European centre for the supply of medicines and vaccines

European centre for the supply of medicines and vaccines

On 6 November 2020, Italian Member of the European Parliament (MEP) Laura Ferrara of the Non-attached Members, posed a written parliamentary question to the European Commission:

“The current crisis has brought to light a number of difficulties in ensuring the supply of the necessary medicines in the EU during the COVID-19 pandemic. Protectionist measures, export bans and national stockpiling, inside and outside the EU, can easily lead to an unfair supply system and to shortages of medicines and vaccines in the EU and worldwide.

Since no country is self-sufficient in terms of raw materials, intermediate products, active pharmaceutical substances and finished pharmaceuticals – all of which are essential in order to ensure the proper functioning of a health system – it is vital to optimise and rationalise their supply, distribution and use, with the aim of ensuring optimal availability for the essential medicines needed to respond to the pandemic.

The current pandemic thus calls for a major response in terms of a substantial increase in production and, at the same time, a proper reorganisation of pharmaceutical supply chains.

In view of this:

1. How does the Commission intend to coordinate, with the support of the Member States, the fair distribution of medicines and future vaccines for COVID-19?

2. Will it work towards the establishment of a single European centre for the supply of medicines and vaccines?

3. Will it use the EU Civil Protection Mechanism (‘rescEU reserve’) to better manage the distribution of COVID-19 medicines and vaccines throughout the EU at this time of emergency?”

On 12 February 2021, Health and Food Safety Commissioner Stella Kyriakides, responded on behalf of the European Commission stating: “On 15 October 2020, the Commission adopted a communication on preparedness for COVID-19 vaccination strategies and vaccine deployment. While the deployment of vaccination strategies is a national competence, the communication sets out recommendations on key issues that Member States could focus on, such as logistics, supply chain and transportation. In line with the EU vaccine strategy agreed with Member States, once authorised and produced, each vaccine will be available to Member States at the same time based on population size. Delivery timelines depend on each contract. For the concluded contracts, the majority of deliveries are foreseen to be completed in 2021.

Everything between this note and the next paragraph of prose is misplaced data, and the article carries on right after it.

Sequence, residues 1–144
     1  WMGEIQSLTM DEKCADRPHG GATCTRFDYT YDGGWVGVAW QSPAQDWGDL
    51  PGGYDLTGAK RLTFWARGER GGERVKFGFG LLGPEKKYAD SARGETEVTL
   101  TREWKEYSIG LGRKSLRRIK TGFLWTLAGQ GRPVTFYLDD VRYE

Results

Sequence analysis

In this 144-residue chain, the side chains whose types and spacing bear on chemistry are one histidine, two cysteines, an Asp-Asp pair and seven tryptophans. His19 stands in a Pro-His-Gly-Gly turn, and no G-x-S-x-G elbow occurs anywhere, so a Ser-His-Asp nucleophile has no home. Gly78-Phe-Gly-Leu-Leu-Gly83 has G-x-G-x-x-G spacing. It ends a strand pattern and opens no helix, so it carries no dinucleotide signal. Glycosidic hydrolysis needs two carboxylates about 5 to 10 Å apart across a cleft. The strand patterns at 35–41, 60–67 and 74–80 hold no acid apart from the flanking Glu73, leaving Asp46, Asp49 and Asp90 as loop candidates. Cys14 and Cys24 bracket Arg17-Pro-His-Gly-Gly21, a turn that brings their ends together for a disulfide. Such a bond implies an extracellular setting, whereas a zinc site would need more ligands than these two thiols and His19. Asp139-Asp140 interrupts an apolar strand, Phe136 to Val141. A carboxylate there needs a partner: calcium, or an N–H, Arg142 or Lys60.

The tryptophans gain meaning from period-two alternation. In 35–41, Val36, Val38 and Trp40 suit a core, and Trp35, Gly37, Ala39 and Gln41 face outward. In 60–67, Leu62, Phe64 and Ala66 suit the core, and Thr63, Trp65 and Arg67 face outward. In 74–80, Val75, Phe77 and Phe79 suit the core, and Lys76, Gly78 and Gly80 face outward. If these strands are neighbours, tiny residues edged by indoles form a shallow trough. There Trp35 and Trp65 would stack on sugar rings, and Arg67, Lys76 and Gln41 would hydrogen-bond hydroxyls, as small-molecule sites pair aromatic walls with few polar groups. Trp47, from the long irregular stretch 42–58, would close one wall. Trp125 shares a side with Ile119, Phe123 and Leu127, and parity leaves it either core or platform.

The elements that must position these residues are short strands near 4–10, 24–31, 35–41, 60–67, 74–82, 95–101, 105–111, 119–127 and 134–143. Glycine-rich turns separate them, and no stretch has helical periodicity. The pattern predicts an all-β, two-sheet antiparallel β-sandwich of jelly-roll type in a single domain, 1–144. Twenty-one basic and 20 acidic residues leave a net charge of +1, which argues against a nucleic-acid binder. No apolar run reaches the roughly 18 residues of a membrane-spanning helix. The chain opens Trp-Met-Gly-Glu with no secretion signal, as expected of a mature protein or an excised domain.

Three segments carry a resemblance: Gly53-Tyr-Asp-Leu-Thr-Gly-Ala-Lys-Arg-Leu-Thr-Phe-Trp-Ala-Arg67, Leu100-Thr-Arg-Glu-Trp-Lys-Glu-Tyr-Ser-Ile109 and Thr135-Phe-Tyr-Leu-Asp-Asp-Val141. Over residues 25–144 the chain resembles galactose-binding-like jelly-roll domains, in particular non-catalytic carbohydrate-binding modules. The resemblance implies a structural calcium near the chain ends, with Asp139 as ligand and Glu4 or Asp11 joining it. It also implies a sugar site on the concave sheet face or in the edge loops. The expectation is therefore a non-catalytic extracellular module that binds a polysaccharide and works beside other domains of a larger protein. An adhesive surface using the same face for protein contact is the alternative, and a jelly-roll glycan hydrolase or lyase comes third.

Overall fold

Delivery to national distribution hub(s) is being ensured by the manufacturers. Further distribution to vaccination centres is done by Member States, who will also be responsible for the vaccination of their population. The Commission has proposed to build a European Health Union, which includes monitoring of medicines and medical devices supply.

The Commission supports Member States in this process, putting instruments with logistical and transport capabilities, such as the Union Civil Protection Mechanism (UCMP), at their disposal. Under the Commission’s proposal, the mechanism will provide national civil protection authorities with targeted support to improve prevention, preparedness and reaction to emergencies such as the COVID-19 pandemic and to reinforce transport and logistical resources.

So far, the first rescEU medical stockpiles created under the UCPM include personal protective equipment and intensive care medical equipment. These items may be deployed upon request of a country when national and other available resources are not sufficient.”

Source: https://www.europarl.europa.eu/doceo/document/E-9-2020-006051_EN.html

Photo Credit : https://pixabay.com/photos/vaccine-covid-19-ampoules-5909944/

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